SxSW 2020 Interview – ZAPPA director Alex Winter

“Astoundingly, there has yet to be a definitive movie of the life and work of Frank Zappa. We set out to correct this grave oversight in the annals of American musical and artistic history. ZAPPA was a years-long undertaking, crafted from the almost entirely unseen and unheard contents of Frank Zappa’s own vault; a treasure trove of personal film, interviews and music that spans decades.” Director Alex Winter on ZAPPA which screens at the 2020 edition of South By Southwest.

Editor’s Note: While SxSW was officially cancelled on March 6th, 2020, the below interview was one of many that already took place prior to the festival. To respect the creators, all already performed interviews are presented in their unedited entirety below. All of the below works WILL make their way out into the world in one way or another, and we will update this article with updated information when we have it. — JW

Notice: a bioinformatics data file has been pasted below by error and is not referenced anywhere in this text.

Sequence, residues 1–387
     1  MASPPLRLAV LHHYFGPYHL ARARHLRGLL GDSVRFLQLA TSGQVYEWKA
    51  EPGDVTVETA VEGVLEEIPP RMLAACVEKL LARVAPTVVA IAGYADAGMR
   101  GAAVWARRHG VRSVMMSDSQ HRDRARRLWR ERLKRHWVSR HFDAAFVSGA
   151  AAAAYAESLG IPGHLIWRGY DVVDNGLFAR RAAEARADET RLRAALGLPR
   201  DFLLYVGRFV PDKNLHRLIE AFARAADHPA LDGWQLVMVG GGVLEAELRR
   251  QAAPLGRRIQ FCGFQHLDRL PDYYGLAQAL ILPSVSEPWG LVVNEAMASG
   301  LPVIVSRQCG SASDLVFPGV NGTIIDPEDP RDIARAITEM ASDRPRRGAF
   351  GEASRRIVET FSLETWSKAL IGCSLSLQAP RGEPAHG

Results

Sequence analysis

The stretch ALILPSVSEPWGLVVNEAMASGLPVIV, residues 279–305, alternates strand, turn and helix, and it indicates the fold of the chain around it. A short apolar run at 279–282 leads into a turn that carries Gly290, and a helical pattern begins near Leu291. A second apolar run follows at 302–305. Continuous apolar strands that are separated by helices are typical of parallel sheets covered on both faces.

You are back at SxSW this year! Tell me about what you have had here in the past, and your favourite aspects of the city. 

I have had the pleasure of world premiering two films at the wonderful SXSW; DEEP WEB and DOWNLOADED. I have been playing films in festivals around the world since the early nineties and consider SxSW my spiritual home. The expert curation, the passionate audiences, and all the great things that Austin has to offer make this a festival I always want to return to. We’re truly honored to be bringing ZAPPA to SX this year. 

So let’s hear more about you and how you got started in the business and what you have worked on in the past?

Ooh boy! Well I started as a child actor in the mid seventies, co-starred in a couple of long running Broadway shows in my teens and then went on to film school with an eye to making my own films. Since then I’ve done a lot of acting, directing and writing in many mediums.  I came to documentaries in the last decade and fell in love with the form. I still make other types of work and have recently returned to acting, with the upcoming third installment of the BILL & TED franchise, but intend to keep making docs. 

How did this project come together?